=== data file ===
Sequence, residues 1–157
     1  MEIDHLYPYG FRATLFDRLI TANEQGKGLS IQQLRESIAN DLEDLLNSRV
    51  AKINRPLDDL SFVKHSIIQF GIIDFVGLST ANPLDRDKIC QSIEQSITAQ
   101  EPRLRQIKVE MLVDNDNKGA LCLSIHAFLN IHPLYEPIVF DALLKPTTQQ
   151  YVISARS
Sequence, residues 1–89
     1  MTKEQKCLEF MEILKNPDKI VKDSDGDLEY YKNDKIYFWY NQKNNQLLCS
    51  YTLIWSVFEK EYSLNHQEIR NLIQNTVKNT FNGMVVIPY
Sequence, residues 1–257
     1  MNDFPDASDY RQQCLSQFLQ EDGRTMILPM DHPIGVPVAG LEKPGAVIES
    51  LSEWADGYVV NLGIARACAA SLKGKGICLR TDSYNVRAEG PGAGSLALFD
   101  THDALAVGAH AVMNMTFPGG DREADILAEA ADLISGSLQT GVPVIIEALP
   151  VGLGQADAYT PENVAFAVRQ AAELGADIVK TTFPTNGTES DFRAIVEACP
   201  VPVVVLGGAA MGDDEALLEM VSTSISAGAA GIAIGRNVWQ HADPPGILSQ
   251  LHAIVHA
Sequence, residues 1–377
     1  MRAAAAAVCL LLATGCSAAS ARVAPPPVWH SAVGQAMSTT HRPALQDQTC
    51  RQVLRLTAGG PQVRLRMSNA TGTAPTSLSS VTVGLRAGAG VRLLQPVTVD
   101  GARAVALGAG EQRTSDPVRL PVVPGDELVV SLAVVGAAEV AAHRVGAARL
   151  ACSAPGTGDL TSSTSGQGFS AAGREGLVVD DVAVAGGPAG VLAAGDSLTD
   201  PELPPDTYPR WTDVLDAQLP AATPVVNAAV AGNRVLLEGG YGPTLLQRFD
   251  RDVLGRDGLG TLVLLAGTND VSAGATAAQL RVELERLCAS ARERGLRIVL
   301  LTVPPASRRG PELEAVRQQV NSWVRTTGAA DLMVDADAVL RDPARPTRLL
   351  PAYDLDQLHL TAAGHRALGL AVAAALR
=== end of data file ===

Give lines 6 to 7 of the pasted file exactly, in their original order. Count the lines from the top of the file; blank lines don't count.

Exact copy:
Sequence, residues 1–89
     1  MTKEQKCLEF MEILKNPDKI VKDSDGDLEY YKNDKIYFWY NQKNNQLLCS